The Fundraising Regulator said it received 713 complaints in 2016/17 and has published eight decisions and one adjudication, in its annual review published today.
It also inherited 11 "live" complaints from its predecessor, the Fundraising Standards Board.
The regulator said that it passes complaints to charities, where the complainant had not first tried this route.
In November it published its first adjudication into the now defunct agency, Neet Feet, and charities that had used its services.
It has also issued eight decisions and published the findings as case studies on its website. The regulator upheld the complaint in seven of the eight cases. The summaries are all anonymised as those involved accepted the regulator’s recommendations.
The Fundraising Regulator has also gathered data from fundraising charities about complaints and plans to publish a separate report, similar to the FRSB’s annual complaints review.
It will also produce advice for charities about “key principles necessary for an effective complaints procedure”.
The Fundraising Regulator ended its first financial year with a surplus of £245,000, but warned that if it needs to “stabilise” its levy income to be sustainable, in its annual accounts published today.
Its report confirmed that the regulator has struggled to get smaller charities to pay the levy and that if charities continue to refuse it will need to consider moving to a statutory model for the levy.
Total income for the 13 months to March 2017 show it had income of £1.5m and expenditure of £1.3m.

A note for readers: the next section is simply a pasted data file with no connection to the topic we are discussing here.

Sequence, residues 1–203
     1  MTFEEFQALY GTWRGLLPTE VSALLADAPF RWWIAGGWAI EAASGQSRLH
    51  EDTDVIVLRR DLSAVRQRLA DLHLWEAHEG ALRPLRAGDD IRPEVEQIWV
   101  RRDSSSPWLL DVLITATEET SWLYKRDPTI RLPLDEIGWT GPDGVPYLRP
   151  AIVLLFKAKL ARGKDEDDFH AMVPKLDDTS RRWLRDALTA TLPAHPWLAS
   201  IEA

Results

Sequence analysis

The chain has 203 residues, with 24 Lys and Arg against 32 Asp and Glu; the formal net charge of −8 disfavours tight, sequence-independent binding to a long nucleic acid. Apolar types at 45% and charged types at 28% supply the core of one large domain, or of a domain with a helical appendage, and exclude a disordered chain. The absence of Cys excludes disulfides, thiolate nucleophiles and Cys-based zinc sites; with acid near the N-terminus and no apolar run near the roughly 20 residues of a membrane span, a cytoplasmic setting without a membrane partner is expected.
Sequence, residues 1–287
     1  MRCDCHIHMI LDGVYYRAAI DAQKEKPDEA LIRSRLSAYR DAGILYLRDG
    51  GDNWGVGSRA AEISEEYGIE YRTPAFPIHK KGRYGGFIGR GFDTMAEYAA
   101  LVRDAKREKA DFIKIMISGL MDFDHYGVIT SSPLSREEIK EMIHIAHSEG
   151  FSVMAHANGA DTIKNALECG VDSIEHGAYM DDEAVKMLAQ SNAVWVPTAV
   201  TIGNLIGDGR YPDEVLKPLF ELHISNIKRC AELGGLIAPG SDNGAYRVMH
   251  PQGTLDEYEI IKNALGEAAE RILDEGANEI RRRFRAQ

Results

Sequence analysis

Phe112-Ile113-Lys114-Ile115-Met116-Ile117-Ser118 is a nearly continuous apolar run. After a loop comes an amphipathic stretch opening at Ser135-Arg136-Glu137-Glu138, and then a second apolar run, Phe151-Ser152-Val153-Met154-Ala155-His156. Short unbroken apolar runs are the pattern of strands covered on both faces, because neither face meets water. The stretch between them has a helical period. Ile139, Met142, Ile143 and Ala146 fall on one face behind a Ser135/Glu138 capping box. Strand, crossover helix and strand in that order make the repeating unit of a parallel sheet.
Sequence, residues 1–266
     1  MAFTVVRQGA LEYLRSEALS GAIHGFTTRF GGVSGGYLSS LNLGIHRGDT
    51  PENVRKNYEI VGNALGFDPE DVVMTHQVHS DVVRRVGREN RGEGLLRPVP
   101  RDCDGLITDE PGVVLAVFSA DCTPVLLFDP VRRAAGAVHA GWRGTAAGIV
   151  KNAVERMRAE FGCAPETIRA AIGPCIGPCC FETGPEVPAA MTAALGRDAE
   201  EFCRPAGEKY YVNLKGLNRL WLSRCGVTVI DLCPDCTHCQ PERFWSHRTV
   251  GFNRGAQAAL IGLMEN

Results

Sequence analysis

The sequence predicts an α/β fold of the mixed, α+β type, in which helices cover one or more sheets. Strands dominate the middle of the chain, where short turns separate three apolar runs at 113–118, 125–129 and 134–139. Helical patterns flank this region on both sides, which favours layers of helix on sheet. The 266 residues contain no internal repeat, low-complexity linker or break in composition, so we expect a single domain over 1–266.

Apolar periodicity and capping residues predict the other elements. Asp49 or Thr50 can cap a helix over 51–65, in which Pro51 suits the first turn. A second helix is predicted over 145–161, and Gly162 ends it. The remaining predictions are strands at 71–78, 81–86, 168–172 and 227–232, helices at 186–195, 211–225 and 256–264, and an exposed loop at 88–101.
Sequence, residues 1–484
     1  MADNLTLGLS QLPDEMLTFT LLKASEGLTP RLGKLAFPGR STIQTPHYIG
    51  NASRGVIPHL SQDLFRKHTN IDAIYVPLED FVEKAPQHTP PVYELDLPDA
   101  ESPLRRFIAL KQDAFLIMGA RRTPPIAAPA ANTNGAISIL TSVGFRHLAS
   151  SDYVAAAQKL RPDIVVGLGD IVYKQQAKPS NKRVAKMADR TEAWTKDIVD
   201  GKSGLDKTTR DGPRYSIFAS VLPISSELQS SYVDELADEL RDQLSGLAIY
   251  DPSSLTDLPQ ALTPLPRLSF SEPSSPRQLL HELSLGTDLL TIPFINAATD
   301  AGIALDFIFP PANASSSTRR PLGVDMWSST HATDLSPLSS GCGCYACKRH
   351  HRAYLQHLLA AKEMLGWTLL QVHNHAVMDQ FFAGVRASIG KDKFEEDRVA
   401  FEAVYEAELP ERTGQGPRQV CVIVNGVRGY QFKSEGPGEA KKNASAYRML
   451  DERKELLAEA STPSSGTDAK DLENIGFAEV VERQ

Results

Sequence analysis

Most of its income came from the levy and set-up donations, while it received £20,000 from charities that were below the levy threshold, but have paid £50 to sign up to the Fundraising Promise be able to use the regulator’s logo on its communications.
The regulator plans to expand registration to fundraising businesses and agencies at a fee similar to that of the levy.
“Optimistically we expect that income from registration will raise around £100k per year, so it is unlikely to fill the funding gap we have identified,” the report said.
Spend on FPS lower than expected
The regulator had budgeted to spend £1.2m on setting up the Fundraising Preference Service, however it actually spent £228,000.
It said that this was partly because of a “keen tender exercise”.
“The initial views of the working group suggested that the FPS system development would cost £750,000, but, following a close examination of the requirements and a keen tender exercise, the FPS set-up has been achieved for an investment of around £200,000 in the financial year,” the report said.
It expects the annual running cost of the FPS to be around £459,000 to cover the call centre and website.